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Spotlight on MCD Artisans: Jennifer Fleszar

Pysanky egg artist Jennifer Fleszar poses with an example of her decorated eggs.

Spotlight on MCD Artisans: Jennifer Fleszar

by Ron Bruner

Article first appeared in the November 2021 issue of the Laurel Messenger

(The founding concept of Mountain Craft Days (MCD), which observed its 51st birthday this past September, is to preserve and interpret the historic crafts heritage of Somerset County and surrounding region. Artisans who participate in MCD are selected for their exceptional craftsmanship, skills and the ability to interpret their craft effectively -- some of whom have been doing so for 40+ years.

Since 1991, an annual event at MCD has been an auction benefiting the Haupt Memorial Fund for the Advancement of Traditional Crafts. Monies from the auction are used to the education of artisans and development of new craft demonstrations. the fund also awards mini-grants to artisans -- and aspiring artisans -- to develop a trade, receive training with classes, or purchase tools and materials that will enhance their demonstration.

This is the first of several articles that will spotlight MCD artisans, especially those who have furthered their craftsmanship through a grant from the Memorial Fund.)

Jennifer Fleszar learned the art of pysanky at the age of 18, and for the next 26 years she created colorful, decorative eggs based on that initial education and whatever other information she could cull from books and the Internet.

Currently a resident of Uniontown, she received a Haupt memorial Fund grant in 2018 and was able to attend the PysankyUSA Retreat in Wilkes-Barre, PA, to advance her education and get hands-on experience in pysanky. She also attended that retreat in 2019. A second grant from the memorial fund in 2020 enabled her to attend a new retreat called Pysanky on the River in Cleveland, OH, where she met master instructors and learned new techniques.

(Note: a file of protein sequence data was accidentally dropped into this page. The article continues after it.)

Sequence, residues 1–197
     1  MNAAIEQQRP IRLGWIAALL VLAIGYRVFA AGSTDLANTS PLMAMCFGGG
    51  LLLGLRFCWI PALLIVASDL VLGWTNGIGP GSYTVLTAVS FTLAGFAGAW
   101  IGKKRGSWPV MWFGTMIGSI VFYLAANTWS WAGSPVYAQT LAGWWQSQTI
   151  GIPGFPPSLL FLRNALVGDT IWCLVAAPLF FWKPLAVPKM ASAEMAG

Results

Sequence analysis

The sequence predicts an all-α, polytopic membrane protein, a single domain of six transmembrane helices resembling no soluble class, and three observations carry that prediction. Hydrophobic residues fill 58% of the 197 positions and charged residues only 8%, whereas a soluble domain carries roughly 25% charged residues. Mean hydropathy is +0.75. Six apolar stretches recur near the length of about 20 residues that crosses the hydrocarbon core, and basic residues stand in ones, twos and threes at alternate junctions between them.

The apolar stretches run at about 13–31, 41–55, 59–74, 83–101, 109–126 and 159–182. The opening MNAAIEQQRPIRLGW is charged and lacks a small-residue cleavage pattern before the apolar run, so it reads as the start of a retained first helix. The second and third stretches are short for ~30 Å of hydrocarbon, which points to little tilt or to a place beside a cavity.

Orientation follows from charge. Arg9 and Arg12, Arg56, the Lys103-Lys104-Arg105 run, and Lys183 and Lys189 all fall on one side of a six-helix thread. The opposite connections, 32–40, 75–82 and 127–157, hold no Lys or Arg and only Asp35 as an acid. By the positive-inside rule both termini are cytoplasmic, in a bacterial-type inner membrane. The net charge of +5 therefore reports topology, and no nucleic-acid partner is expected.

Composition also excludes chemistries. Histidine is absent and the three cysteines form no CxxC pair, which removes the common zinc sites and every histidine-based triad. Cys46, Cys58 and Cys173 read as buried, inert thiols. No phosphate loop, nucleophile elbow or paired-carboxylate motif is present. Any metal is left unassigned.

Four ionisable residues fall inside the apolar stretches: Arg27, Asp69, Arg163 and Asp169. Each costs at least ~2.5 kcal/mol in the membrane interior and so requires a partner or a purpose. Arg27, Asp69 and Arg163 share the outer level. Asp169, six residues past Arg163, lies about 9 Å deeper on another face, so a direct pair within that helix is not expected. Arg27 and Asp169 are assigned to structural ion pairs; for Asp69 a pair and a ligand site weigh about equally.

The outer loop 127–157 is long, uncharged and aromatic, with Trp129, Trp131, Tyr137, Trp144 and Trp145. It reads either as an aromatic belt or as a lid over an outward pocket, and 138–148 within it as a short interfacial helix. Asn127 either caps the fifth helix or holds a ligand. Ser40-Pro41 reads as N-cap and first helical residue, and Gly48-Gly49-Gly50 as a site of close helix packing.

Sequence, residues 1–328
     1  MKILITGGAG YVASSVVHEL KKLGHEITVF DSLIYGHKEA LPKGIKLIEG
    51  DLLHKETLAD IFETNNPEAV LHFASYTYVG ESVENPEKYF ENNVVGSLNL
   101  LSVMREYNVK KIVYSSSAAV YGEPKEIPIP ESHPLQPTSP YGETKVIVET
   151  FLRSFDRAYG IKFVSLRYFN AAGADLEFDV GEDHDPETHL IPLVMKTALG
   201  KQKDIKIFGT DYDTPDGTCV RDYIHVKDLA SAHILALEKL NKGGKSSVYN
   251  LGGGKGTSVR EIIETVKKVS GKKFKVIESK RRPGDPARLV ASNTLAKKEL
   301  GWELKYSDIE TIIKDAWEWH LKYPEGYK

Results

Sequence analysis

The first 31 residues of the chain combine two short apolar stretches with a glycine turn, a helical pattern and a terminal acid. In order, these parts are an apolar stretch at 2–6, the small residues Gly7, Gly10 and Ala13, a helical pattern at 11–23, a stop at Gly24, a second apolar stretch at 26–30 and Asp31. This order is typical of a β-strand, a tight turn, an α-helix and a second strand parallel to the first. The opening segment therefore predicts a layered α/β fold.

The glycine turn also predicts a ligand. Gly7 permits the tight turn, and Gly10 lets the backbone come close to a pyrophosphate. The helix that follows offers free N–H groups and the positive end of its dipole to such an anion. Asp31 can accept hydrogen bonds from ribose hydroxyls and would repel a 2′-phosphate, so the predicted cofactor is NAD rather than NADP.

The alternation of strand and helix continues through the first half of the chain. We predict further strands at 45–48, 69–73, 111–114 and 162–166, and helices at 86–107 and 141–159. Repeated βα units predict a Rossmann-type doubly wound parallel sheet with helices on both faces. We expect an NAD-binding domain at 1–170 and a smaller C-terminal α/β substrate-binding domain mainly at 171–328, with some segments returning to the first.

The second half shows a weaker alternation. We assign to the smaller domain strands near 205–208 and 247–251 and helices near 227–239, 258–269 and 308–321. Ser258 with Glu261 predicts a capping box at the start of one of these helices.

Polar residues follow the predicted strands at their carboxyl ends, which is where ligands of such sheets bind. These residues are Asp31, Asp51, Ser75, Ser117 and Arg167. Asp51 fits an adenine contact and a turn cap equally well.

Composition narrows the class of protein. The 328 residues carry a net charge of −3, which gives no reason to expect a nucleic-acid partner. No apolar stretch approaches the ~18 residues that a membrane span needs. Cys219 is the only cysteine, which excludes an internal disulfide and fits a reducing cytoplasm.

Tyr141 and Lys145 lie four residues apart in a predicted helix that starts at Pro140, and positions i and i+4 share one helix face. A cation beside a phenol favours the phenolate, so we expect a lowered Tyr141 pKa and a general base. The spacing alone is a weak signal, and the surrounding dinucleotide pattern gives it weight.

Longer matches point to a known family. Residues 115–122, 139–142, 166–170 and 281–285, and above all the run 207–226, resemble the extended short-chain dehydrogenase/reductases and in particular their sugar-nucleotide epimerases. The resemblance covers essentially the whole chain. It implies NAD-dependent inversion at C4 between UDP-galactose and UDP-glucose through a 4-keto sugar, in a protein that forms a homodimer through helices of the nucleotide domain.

Three pysanky eggs skillfully decorated with wax-resist images of a ram, an owl, and a fish.

Jennifer explains pysanky this way:

"In the most basic terms, it is an egg1 decorated using a wax resist (batik) method. its name derives from the Ukrainian verb pysaty, which means 'to write.' You often hear pysanky artists refer to what they do as 'writing on eggs'. But Pysanky is so much more than that. Ukrainians have created this art for countless generations, even pre-dating Christianity. Specific methods of decorating, distinct designs, and dye formulas2 have been handed down through the generations and kept as family secrets."

"These decorated eggs are famous the world over for their intricacy. For over 2,000 years people decorated eggs believing that great powers were embodied in the egg. They were given as gifts for weddings, births, for protection of one's home, as 'well wishes' for the ill, and even to promote fertility. Legend says that goodness will prevail over evil throughout the world as long as pysanky eggs are being created."

Jennifer says that through these retreats she has met some of the "best of the best" pysanky artists, including those who have reached the master level. She has earned Novice and Intermediate rankings from the International egg Artist Guild (IEAG) and has one more egg to complete and submit for judging to be considered for the ranking of Master of Batik Egg Art.

In addition to demonstrating pysanky during MCD, she also has conducted pysanky workshops for the Historical and Genealogical Society of Somerset County.

1 Each color in a design has a different symbolic meaning: red symbolized the sun, life and joy; yellow represented wealth and fertility; and, green was a symbol of Spring and plant life. Likewise, different designs have symbolic meaning.

2 Fertilized chicken eggs containing the yolk and the white were traditionally used; however, today some pysanky artists remove the contents of an egg before decorating it while others leave the egg wholly intact.